It is commonly said that “an investment in gold represents an investment in fear.” Indeed, reports that recently deposed Tunisian leader Zine Ben Ali absconded with 1.5 tons of gold bars from that country’s central bank would seem to highlight the truth of this maxim. Here in Egypt, it was reported two days ago in Al Ahram‘s Arabic edition that Cairo airport authorities commandeered 59 parcels of pillowcases in which someone had hidden tens of millions of dollars in foreign currency and gold bullion bound for the Netherlands. Given recent events in Tunisia, Tunisian-inspired self-immolations in front of Egyptian parliament, the recent car bombing of a Coptic Orthodox Church in Alexandria, and general unease over upcoming elections, the questions immediately surrounding this recent airport seizure were many. Obviously, those questions have grown even more pointed over the last two days of protest in downtown Cairo, Alexandria, Suez, and elsewhere. Perhaps President Mubarak saw some reason to follow Ben Ali’s example but is smart enough to avoid the last minute rush to spirit gold out of the country?
The question that ought to be asked in Egypt, however, is not who might be enveloped by such fear but who isn’t. The Egyptian economy has been only marginally insulated from the global financial crisis and inflation still stands at 10.5% annually. Meanwhile wages remain stagnant, having been historically suppressed by government violence. Hosni Mubarak is 82 years old and faces yet another dubious election this year, which (if it happens at all) he will undoubtedly “win” in spite of the declining standard of living endured by the vast majority of Egyptians. Nevertheless, Gamal Mubarak is obviously not going to be a popular candidate, so presidential succession is uncertain in the event of Mubarak’s death.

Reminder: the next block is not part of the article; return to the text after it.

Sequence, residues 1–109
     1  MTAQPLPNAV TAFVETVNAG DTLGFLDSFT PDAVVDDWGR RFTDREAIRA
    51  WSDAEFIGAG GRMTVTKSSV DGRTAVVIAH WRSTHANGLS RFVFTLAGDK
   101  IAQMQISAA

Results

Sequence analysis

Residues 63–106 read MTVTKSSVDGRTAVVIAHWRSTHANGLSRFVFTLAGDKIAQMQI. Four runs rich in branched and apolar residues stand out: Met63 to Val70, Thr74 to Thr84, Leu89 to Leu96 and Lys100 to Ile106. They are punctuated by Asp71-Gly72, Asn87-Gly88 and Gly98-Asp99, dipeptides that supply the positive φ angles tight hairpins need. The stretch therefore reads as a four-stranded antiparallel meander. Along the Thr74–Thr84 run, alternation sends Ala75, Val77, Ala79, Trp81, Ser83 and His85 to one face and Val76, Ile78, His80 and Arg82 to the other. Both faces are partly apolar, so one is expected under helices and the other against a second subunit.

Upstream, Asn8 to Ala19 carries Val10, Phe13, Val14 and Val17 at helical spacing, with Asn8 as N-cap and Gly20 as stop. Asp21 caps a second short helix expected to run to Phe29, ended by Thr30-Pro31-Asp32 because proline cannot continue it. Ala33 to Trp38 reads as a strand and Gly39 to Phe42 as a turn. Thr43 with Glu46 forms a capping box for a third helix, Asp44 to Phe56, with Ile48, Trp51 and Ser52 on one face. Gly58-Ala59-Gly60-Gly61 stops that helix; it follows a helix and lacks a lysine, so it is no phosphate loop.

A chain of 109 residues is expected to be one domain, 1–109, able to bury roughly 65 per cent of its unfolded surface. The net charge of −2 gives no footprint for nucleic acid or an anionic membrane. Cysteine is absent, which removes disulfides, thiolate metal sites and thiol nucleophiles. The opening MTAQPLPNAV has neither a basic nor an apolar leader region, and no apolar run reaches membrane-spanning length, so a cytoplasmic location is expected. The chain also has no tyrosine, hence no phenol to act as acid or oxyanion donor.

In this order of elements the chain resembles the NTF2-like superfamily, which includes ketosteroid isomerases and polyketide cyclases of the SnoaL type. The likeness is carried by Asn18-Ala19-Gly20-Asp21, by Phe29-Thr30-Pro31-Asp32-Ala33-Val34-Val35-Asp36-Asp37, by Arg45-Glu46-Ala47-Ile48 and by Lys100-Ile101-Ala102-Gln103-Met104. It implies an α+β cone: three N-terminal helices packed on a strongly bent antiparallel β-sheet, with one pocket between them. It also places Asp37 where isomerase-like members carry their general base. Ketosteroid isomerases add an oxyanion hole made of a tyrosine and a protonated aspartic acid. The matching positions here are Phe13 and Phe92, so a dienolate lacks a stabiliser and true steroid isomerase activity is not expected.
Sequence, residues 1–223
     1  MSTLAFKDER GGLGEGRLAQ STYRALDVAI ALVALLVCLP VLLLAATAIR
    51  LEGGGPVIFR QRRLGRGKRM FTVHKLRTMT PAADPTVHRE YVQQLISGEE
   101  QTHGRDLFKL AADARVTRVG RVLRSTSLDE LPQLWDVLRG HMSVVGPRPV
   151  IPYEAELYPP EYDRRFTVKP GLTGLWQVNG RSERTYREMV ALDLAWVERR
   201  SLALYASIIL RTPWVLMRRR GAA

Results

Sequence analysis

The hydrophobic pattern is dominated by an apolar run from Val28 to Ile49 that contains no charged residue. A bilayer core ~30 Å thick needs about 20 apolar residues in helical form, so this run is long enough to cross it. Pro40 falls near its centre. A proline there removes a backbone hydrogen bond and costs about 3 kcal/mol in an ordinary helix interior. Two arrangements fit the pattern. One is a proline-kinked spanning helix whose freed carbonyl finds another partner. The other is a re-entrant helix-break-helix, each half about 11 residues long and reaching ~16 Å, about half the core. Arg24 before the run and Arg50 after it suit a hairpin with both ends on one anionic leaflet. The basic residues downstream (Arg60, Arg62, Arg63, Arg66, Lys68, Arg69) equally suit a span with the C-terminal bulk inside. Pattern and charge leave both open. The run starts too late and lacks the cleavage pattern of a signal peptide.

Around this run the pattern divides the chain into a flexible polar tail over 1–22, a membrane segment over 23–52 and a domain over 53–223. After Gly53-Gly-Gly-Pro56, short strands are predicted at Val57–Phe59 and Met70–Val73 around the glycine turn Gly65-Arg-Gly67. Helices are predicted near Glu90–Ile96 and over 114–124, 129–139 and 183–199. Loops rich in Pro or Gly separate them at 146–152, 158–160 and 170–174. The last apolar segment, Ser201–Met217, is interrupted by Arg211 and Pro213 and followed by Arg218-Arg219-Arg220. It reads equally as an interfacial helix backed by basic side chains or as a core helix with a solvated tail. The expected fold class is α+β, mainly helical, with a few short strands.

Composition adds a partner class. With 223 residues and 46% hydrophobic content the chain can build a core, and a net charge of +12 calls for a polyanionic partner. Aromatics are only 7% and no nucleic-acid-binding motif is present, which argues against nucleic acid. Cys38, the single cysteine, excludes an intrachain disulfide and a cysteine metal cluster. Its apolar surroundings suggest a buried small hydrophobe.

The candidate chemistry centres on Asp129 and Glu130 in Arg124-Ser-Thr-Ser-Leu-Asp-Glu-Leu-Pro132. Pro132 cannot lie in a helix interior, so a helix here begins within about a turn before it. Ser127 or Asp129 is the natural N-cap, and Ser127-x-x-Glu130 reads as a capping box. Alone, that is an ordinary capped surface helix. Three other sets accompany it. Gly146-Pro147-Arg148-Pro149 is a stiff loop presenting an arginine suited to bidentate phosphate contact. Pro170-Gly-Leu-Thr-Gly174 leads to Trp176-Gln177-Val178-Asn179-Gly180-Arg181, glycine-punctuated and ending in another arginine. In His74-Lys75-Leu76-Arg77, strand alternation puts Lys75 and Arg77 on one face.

Simultaneous to the political uncertainty generated by decades of sham elections, crony capitalism, and status-quo domestic economic policy, religious fervor is also dividing Egypt. An Islamist Web site has published a list of Coptic Churches targeted for bombing in protest over a Christian woman allegedly prevented from converting to Islam. Whether the allegation is true or not, the impact of this incendiary propaganda was the aforementioned car bombing of an Alexandrian Coptic Orthodox Church during a new year’s liturgy and the tangentially related shooting of several Coptic Christians on a train south of Cairo. Given this rise in sectarian violence in Egypt, the related economic instability characterizing the local economy, and rising unrest in the wake of Tunisa’s revolution, it is also very likely that any number of wealthy Egyptians might like to invest in a bit of fear and move it abroad.
There are in fact several wealthy Coptic families in Egypt who would likely see a clandestine move of physical wealth to be quite appropriate under these divisive circumstances. Who could blame the Sawiris family for instance for initiating a large-scale transfer of physical wealth in a world where President Mubarak’s hold upon power is obviously weakening and his ability to keep the Islamists under control is not what it used to be? The more general reality, however, is that ANY of the newly monied families who benefitted directly from Mubarak’s rule might not appreciate the way the current political winds are blowing.